My first round of finals starts today and will run through the middle of next week. I hope to have final grades turned in no later than the 11th. I then have two articles that I’ve agreed to finish between the 11th and January 3rd. That shouldn’t be too difficult but it will certainly take time away from blogging. These are for a reference work on graphic novels and my articles will deal with two such works, Bloodstar, based on a Robert E. Howard story, and A. D. New Orleans After the Deluge, which is about Hurricane Katrina. The upshot is that I won’t be around the blogosphere as much as usual for a while, although I’m not abandoning it, of course.
Speaking of finals, I have to relate an experience I had yesterday. I generally eat at the school lunch room and it isn’t unusual for there to be some standing in line involved. I frequently get irritated at the students who cut in line in front of others. I sometimes say something and at other times don’t, depending on how far from the cut I am. Yesterday, I’d been standing in line for quite a while and was finally only two people back from being served when a student in one of my classes cut in front of me. I was somewhat taken aback but did mutter in a loud voice, “Oh come on.” The student did not make eye contact, and in fact I’m pretty sure she never even noticed I was there. I’ve realized through other dealings with the student that she is extremely self-centered and seldom notices anyone unless they can do something for her at that moment.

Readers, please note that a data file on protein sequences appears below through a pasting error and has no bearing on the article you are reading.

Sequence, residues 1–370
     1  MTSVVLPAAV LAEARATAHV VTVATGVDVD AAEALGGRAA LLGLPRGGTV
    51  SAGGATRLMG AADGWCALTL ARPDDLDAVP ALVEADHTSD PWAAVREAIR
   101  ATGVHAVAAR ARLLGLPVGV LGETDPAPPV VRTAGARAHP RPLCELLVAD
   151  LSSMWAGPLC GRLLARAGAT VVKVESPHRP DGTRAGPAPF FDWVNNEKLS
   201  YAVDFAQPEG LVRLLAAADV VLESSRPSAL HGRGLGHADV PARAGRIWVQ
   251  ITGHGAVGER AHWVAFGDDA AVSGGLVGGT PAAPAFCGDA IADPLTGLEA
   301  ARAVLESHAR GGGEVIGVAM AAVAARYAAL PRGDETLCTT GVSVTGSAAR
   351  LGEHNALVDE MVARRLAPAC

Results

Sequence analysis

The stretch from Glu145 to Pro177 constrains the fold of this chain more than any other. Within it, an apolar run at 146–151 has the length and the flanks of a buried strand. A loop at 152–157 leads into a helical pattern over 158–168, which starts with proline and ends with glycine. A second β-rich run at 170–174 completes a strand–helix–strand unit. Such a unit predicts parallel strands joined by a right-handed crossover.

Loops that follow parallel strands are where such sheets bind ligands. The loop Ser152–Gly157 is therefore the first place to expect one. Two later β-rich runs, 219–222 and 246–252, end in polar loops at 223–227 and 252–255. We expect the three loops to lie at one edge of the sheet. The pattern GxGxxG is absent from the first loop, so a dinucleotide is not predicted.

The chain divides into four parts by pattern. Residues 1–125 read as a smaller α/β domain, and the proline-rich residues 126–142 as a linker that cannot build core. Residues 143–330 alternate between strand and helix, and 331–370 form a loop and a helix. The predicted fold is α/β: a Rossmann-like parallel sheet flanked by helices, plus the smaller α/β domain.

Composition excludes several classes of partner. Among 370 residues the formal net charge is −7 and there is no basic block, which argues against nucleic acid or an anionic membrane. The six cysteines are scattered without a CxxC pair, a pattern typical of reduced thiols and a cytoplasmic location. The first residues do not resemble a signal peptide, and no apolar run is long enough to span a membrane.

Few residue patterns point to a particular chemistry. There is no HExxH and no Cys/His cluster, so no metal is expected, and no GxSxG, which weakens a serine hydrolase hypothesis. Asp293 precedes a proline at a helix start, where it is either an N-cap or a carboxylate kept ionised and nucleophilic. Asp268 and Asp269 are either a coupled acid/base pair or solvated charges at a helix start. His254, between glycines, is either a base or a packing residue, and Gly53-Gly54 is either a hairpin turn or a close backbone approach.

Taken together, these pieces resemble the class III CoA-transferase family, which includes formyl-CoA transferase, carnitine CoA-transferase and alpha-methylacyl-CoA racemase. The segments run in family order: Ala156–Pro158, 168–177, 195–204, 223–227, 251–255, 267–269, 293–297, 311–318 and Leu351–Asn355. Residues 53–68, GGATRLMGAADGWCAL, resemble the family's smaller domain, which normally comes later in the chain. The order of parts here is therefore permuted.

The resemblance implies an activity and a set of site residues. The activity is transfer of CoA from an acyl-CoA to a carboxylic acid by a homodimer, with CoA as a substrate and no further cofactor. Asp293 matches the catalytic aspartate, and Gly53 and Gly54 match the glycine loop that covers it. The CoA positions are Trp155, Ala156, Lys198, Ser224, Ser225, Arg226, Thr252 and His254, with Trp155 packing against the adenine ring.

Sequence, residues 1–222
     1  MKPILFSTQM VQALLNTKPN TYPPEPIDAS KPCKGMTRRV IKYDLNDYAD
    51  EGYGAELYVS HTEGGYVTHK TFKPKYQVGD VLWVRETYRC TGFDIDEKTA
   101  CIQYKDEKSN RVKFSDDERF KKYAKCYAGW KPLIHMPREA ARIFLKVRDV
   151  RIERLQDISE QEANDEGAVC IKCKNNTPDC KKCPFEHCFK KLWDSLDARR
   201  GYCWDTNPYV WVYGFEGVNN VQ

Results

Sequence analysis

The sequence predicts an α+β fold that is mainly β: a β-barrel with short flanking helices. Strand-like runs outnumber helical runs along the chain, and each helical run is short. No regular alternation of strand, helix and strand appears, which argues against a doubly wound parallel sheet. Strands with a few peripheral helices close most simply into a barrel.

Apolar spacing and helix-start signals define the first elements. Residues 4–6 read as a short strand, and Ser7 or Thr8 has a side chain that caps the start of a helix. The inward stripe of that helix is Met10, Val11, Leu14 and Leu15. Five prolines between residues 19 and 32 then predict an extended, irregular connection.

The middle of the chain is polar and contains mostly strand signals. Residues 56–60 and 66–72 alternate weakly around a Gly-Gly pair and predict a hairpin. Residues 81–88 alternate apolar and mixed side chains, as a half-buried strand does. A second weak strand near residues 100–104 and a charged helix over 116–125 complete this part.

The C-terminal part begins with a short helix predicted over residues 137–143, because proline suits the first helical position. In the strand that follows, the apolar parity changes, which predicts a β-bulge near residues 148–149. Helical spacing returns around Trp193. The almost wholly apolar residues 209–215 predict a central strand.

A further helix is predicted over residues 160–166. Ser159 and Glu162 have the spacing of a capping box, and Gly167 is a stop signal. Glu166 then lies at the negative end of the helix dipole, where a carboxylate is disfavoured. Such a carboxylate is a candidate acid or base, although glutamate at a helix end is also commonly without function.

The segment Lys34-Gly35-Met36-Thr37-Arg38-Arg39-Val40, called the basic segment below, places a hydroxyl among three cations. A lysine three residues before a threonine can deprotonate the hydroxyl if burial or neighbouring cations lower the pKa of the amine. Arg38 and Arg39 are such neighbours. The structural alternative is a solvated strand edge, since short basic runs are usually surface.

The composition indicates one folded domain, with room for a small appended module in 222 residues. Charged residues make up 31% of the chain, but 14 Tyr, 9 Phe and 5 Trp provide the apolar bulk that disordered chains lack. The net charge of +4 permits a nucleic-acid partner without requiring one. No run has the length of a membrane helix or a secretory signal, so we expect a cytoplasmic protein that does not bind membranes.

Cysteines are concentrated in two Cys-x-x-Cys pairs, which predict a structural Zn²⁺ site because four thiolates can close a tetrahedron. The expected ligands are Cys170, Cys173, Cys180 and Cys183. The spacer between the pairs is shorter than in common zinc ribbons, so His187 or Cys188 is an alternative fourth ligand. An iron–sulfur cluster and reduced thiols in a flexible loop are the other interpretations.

This student will certainly get the grade she earns in my class, but this isn’t the first time I’ve seen her take short cuts and be inconsiderate of others. Although I doubt she will ask me for a letter of recommendation, if she did I would have to say no. It’s certainly not just the frequent cutting in line and inconsideration, but includes cutting corners in classes she’s had with me that makes me feel this way. Yesterday too, for example, she came to my morning class about five minutes late, (early for her), and after bumbling around disrupting the class while she got settled, she asked me a question I had actually been covering in the moments when she was trying to get to her seat. The look on her face when she asked the question seemed clearly to indicate that I was confusing her with my unclear presentation on the topic. Although I answered her politely, I must admit to a touch of irritation. And I thought to myself that there’s no way I’d feel comfortable recommending her for graduate school where she might eventually become responsible for other people’s welfare. Maturity and empathy for others counts.
And now for some happier thoughts, I’m putting up the links below to some books I’m hoping a certain loved one of mine will buy new for me for Christmas. She knows who she is and would never cut in line in front of me. :)